Applications of methods beyond density functional theory to the study of correlated electron systems

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dc.contributor Gupta, Arunava
dc.contributor LeClair, Patrick R.
dc.contributor Mewes, Claudia K. A.
dc.contributor Mryasov, Oleg N.
dc.contributor Townsley, Dean M.
dc.contributor.advisor Butler, W. H.
dc.contributor.author Sims, Hunter Robert
dc.date.accessioned 2017-03-01T16:47:10Z
dc.date.available 2017-03-01T16:47:10Z
dc.date.issued 2013
dc.identifier.other u0015_0000001_0001223
dc.identifier.other Sims_alatus_0004D_11395
dc.identifier.uri https://ir.ua.edu/handle/123456789/1695
dc.description Electronic Thesis or Dissertation
dc.description.abstract The difficulty in accurately treating systems in which electron-electron interactions are the dominant physics has plagued condensed matter physics for decades. Currently, there exist many different computational techniques designed to improve upon density functional theory to varying degrees of accuracy. To date, no unified, parameter-free method exists that is guaranteed to yield the correct answer for all materials. Consequently, proper treatment of such systems often requires a combination of several methods, allowing one to check them against one another when their regions of validity overlap and to expand one's reach when a single method cannot reliably describe all of the physics at work. In this dissertation, I present discussion and, when appropriate, brief derivations of several of the most prominent electronic structure methods currently in use---from the local density approximation through LDA+DMFT. I then present several investigations into the electronic and magnetic structure of materials of potential interest for information technology that also illustrate the current state of affairs in computational condensed matter physics. I explore the intersite exchange interactions in CrO_2 within density functional theory (with and without Hubbard “+U” corrections) and evaluate these results through analytic and numerical means. I study the dependence of the mysterious magnetization of Fe_16 N_2 on crystal and electronic structure and employ a wide range of techniques in an attempt to bring greater rigor and deeper understanding to the widely-varying reports on this material. In conjunction with others' careful experimental analysis, I provide a picture of the band structure of the magnetic insulator NiFe_2 O_4 that reveals a novel hierarchy in its band gaps and suggests applications in spintronics and possibly other areas. Finally, I employ dynamical mean-field theory to study the behavior of impurity states in elemental semiconductors, using H impurities in Ge as a base system.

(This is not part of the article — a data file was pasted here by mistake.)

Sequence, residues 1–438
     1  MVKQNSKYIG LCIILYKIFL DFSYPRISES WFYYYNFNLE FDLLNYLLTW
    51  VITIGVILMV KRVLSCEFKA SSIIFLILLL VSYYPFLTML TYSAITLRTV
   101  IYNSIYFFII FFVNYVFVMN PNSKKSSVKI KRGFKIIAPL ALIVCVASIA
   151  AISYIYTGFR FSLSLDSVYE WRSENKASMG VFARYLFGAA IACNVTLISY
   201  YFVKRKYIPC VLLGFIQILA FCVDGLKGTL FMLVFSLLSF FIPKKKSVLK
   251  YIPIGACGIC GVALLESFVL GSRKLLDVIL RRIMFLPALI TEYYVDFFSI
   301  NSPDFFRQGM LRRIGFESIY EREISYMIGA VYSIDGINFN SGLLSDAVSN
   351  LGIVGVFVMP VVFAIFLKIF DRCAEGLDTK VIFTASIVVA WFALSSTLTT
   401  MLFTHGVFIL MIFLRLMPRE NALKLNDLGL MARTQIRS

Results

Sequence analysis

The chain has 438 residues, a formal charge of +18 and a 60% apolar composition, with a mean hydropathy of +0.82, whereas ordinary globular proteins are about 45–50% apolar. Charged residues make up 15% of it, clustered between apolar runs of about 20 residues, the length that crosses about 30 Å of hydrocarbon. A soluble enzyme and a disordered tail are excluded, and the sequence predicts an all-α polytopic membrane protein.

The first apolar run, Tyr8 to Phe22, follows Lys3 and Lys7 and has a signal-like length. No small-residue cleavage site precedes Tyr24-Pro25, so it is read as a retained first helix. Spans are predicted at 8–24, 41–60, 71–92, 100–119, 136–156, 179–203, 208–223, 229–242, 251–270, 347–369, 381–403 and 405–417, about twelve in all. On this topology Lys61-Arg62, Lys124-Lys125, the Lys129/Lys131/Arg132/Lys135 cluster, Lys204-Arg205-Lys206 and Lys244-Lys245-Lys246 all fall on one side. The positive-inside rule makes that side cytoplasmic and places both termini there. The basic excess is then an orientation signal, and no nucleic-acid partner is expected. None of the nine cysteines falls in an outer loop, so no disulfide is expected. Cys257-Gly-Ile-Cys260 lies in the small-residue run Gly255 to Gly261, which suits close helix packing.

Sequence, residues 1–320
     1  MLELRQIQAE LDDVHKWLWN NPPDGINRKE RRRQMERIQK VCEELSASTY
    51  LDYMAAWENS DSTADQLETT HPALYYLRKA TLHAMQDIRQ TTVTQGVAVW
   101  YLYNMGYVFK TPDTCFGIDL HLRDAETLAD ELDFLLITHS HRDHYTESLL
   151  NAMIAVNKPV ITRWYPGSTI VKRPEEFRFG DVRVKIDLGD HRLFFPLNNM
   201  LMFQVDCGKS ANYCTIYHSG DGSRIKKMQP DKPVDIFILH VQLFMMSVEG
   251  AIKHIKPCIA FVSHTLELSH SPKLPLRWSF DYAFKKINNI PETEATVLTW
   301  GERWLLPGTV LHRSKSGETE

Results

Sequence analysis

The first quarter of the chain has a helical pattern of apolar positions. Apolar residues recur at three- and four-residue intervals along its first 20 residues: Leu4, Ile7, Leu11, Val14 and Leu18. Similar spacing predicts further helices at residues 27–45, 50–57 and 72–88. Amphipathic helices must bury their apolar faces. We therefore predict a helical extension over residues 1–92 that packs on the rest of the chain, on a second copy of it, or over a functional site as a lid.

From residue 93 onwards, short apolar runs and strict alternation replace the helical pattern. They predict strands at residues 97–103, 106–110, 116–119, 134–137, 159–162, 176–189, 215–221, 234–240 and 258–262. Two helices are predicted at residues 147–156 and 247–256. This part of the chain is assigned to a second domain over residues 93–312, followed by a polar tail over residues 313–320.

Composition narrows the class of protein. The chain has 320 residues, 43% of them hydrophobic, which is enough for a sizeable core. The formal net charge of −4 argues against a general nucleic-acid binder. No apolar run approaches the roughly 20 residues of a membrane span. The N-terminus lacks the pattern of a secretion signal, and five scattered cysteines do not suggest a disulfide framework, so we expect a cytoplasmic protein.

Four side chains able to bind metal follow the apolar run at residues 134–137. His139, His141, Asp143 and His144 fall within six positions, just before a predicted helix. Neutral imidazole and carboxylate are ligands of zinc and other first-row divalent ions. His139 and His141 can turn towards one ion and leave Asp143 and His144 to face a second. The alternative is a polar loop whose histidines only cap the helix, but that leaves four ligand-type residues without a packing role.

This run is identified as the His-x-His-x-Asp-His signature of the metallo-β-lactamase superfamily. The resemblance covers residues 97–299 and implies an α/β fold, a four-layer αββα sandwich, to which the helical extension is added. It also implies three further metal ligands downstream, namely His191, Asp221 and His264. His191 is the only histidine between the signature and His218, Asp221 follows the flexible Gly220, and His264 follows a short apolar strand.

dc.format.extent 119 p.
dc.format.medium electronic
dc.format.mimetype application/pdf
dc.language English
dc.language.iso en_US
dc.publisher University of Alabama Libraries
dc.relation.ispartof The University of Alabama Electronic Theses and Dissertations
dc.relation.ispartof The University of Alabama Libraries Digital Collections
dc.relation.hasversion born digital
dc.rights All rights reserved by the author unless otherwise indicated.
dc.subject.other Condensed matter physics
dc.subject.other Theoretical physics
dc.subject.other Materials Science
dc.title Applications of methods beyond density functional theory to the study of correlated electron systems
dc.type thesis
dc.type text
etdms.degree.department University of Alabama. Dept. of Physics and Astronomy
etdms.degree.discipline Physics
etdms.degree.grantor The University of Alabama
etdms.degree.level doctoral
etdms.degree.name Ph.D.


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